ESFP personalities live in the world of opportunities and savor the pleasures, dramas, and ideas that life throws at them. They are immersed in a never-ending performance, trying to cheer other people up. ESFPs are extremely talented at making other people feel good and excited, and they enjoy this immensely. The earthy and often unique wit of ESFPs is a perfect symbol of their playfulness.

    ESFPs have a highly developed aesthetical sense, which is one of their strongest personality traits. This type of person will enjoy creating well-decorated surroundings and recognize the value of quality in many other things.

    ESFP personalities are very observant, able to notice and respond to someone’s distressed emotional state. As planning and long-term thinking are often their weakest personality traits, ESFPs may be inferior strategists and planners, but they are very well equipped to provide practical advice and emotional support.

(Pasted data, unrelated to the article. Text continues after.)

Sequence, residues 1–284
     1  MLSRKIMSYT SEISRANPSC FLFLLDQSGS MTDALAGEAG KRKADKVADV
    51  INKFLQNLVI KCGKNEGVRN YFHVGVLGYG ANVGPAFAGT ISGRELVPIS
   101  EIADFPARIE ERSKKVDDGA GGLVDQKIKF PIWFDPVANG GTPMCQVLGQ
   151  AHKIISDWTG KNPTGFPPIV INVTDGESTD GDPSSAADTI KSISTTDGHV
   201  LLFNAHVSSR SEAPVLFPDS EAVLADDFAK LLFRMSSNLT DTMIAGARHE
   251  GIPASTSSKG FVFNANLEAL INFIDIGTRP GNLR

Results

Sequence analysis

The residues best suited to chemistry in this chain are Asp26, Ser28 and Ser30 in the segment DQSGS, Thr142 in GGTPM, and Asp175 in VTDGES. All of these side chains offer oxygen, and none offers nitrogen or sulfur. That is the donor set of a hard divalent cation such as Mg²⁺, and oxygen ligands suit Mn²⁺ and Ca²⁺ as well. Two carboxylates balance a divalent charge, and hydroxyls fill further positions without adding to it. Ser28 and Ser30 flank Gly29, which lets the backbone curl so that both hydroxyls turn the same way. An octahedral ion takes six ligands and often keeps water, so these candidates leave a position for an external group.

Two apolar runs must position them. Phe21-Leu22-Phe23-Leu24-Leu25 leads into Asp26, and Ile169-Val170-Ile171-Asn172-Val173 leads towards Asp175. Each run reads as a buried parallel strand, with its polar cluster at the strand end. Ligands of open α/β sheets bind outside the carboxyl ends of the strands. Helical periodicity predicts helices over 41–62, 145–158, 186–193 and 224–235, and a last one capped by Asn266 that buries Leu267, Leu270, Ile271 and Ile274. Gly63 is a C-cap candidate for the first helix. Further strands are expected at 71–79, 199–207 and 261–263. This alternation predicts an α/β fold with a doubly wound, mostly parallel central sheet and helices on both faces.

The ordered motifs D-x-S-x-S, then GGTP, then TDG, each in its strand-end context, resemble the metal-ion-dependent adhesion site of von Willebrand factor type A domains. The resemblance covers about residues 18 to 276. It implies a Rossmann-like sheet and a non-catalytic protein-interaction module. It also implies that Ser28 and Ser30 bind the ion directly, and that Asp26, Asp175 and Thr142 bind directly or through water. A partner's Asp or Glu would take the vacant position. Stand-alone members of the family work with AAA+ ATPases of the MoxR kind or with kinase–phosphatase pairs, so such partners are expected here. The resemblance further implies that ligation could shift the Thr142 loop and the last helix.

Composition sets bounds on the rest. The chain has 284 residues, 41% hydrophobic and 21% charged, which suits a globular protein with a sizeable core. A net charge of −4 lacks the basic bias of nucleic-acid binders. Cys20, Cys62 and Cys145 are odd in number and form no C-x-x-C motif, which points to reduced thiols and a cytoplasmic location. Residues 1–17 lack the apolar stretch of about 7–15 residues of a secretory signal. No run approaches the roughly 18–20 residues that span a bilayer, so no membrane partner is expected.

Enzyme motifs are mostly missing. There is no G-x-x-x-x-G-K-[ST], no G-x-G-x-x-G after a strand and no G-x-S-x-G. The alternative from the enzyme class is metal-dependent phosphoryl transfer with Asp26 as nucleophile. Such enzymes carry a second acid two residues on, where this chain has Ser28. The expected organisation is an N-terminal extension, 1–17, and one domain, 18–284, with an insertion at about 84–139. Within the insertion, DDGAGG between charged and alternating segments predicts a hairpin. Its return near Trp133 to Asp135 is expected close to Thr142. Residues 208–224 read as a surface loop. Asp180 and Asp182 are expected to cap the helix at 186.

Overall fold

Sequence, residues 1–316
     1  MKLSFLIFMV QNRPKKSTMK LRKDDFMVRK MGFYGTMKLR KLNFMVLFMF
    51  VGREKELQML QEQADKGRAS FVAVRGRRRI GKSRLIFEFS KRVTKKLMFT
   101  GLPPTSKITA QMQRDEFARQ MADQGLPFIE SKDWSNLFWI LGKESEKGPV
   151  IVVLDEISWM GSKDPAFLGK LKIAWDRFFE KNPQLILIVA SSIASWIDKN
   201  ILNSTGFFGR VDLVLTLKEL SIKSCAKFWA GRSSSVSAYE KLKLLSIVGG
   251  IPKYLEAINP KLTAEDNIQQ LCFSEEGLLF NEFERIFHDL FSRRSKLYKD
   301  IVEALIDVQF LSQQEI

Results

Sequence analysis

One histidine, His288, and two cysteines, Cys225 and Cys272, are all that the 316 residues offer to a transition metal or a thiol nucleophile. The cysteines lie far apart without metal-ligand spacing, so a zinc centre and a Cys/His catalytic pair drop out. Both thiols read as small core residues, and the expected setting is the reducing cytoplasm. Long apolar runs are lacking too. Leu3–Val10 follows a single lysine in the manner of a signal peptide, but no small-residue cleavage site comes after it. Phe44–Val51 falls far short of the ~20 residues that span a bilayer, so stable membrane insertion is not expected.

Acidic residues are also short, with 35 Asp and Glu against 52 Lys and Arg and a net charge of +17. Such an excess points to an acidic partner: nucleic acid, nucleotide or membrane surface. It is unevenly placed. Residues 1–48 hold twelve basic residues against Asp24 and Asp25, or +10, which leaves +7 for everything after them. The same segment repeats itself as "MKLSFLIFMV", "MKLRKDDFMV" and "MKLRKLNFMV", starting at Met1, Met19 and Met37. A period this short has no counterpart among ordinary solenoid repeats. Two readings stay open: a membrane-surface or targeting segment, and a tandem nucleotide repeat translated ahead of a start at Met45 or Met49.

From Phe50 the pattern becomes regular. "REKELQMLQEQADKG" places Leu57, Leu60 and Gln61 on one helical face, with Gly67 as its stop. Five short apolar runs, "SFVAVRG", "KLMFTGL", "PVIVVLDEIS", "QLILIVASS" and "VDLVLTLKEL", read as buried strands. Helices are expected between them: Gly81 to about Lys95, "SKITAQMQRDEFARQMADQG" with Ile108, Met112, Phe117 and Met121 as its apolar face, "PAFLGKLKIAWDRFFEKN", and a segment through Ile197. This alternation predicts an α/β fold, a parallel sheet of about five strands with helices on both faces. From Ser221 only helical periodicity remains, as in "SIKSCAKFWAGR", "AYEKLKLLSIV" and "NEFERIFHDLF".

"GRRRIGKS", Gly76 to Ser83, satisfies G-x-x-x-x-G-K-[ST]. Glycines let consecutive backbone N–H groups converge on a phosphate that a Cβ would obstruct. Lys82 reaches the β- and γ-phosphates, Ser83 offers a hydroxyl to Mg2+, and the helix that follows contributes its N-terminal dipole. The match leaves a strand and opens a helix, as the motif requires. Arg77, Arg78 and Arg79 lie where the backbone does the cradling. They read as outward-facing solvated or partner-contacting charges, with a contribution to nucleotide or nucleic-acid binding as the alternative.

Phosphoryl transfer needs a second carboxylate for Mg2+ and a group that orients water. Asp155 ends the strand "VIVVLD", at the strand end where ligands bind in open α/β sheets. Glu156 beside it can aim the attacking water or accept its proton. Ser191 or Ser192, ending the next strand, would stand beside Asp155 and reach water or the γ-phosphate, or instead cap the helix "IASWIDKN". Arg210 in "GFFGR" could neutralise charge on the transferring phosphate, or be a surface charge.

The main weakness for many ESFPs is their spontaneity, which can lead to superficiality and forgetfulness. They place more emphasis on quick satisfaction than they do on their obligations and duties. ESFPs are also likely to do their best to ignore potential conflicts instead of dealing with them head-on.

    It is likely that the ESFP personality will be very practical, but not when it comes to repetitive or analytical tasks. They would rather rely on their luck or ask other people for help than spend time trying to understand a complex theory.

    • Carrie Brown says:

      All of these tests should be taken with a grain of salt. But Myers-Briggs is generally one of the somewhat better accepted and regularly used tests. It has its detractors and its proponents, but this is some actual research and theory behind all of this.